By: Pramod Thomas
BANK OF ENGLAND Monetary Policy Committee member Dr Swati Dhingra has said that managing the impact of inflation on families and firms, and attempting to cool inflationary pressures without deepening any resulting economic downturn, are immediate policy priorities.
However, she warned that it is not ‘going to be easy’.
Speaking at an event organised by the Resolution Foundation on Wednesday (8) on the topic ‘A cost-of-living crisis: Inflation during an unprecedented terms-of-trade shock’, the British Indian policymaker has called for UK interest rates to be kept on hold, saying that further tightening is a bigger risk’ than holding interest rates at 4 per cent.
Dhingra, who is associate professor of economics at the London School of Economics, said that the vast majority of inflation had been caused by higher energy and import prices. Last month, she voted to leave interest rates unchanged.
She pointed to weak consumption as evidence that inflation would soon fall sustainably.
“Recent research indicates the persistent scarring effects of deep contractions associated with monetary policy tightening and energy market disruptions, indicating the harmful consequences of overtightening. Such an approach would increase the downside risks of missing the inflation target in the medium term,” Dhingra said.
“In my view, a prudent strategy would hold policy steady amid growing signs external price pressures are easing, and be prepared to respond to developments in price evolution. This would avoid over-tightening and return the economy sustainably to our two per cent inflation target in the medium-term.”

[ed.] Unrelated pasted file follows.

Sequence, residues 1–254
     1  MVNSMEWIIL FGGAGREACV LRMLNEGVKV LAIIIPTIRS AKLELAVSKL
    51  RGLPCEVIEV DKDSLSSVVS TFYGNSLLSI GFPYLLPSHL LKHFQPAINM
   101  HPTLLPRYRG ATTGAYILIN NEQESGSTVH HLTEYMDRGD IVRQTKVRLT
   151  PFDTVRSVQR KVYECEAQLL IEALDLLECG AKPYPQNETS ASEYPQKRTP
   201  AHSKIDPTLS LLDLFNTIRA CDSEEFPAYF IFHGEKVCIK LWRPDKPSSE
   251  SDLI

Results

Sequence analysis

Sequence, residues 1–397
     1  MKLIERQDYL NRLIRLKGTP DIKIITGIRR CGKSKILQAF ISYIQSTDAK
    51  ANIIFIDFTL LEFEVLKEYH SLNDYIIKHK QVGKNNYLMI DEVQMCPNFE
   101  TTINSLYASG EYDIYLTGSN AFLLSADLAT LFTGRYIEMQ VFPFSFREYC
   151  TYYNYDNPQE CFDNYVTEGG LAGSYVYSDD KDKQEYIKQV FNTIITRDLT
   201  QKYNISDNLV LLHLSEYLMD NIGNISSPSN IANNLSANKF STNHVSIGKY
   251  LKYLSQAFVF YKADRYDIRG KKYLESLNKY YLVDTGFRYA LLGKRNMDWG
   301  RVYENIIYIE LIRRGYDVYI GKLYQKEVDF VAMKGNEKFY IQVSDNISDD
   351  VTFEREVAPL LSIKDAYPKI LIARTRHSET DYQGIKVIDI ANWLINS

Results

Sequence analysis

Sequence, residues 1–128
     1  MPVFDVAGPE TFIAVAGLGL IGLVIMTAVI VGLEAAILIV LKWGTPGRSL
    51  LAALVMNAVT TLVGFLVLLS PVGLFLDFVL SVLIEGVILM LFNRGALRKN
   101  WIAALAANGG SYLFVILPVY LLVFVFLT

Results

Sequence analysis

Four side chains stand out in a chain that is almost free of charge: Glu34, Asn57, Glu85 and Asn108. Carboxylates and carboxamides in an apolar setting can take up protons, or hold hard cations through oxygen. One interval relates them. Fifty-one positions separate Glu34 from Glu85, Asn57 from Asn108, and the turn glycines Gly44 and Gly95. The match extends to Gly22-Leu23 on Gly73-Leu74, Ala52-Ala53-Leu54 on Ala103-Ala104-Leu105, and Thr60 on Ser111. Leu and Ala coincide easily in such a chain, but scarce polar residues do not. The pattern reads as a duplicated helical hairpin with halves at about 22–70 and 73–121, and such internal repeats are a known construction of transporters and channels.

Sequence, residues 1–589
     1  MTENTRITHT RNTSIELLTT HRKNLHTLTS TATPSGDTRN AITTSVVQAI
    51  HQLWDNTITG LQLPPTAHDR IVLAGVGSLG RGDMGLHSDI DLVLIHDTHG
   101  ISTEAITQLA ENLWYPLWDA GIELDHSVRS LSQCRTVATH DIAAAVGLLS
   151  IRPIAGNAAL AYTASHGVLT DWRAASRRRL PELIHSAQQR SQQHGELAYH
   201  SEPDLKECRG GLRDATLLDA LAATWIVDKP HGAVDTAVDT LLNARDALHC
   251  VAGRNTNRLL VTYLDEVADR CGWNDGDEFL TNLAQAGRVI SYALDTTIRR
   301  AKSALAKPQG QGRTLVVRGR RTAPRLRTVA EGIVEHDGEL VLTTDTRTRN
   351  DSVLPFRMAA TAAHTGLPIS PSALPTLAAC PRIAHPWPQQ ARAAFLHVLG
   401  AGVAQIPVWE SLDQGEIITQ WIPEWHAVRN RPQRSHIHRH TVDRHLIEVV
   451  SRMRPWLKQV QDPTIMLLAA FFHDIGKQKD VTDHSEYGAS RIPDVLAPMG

According to her, inflation is expected to fall sharply over 2023.
“Based on a mechanical calculation, we can be sure that this will happen if we do not see further cost increases of magnitudes similar to those that resulted from the war in Ukraine. For energy costs, this is hard to predict, but the recent experience over the winter gives some hope for the coming months and with some uncertainty, possibly over the next winter,” she said.
“What then could prevent inflation from falling to target over the medium term? Many point to the tight labour market and firms’ desire to rebuild margins. Inflation has been well above target for over a year now, but our decomposition shows that wages and margins have played a relatively smaller role than the broad-based terms of trade deterioration. Nonetheless, the longer this high inflation persists, the more likely it could become embedded due to domestically generated pay and margin pressures.”
In her opinion, private sector wage growth is high in the light of recent history and a flattening off in wage growth and, in some cases, dampening will occur in the near term.
Dhingra said that with the labour market starting to turn and the cost-of-living crisis taking hold on disposable incomes, many firms are finding it difficult to pass through fully existing cost rises to consumer prices.
She added that a weak demand outlook in the future is expected to reinforce this.
“Tighter credit conditions and the cost-of-living crisis have already led to weak GDP growth and a recent slowdown in the housing market. The value of additional accumulated savings during the pandemic has also been largely depleted. Consumption remains much below pre-pandemic levels and it is hard to see where substantial renewed demand pressures could come from,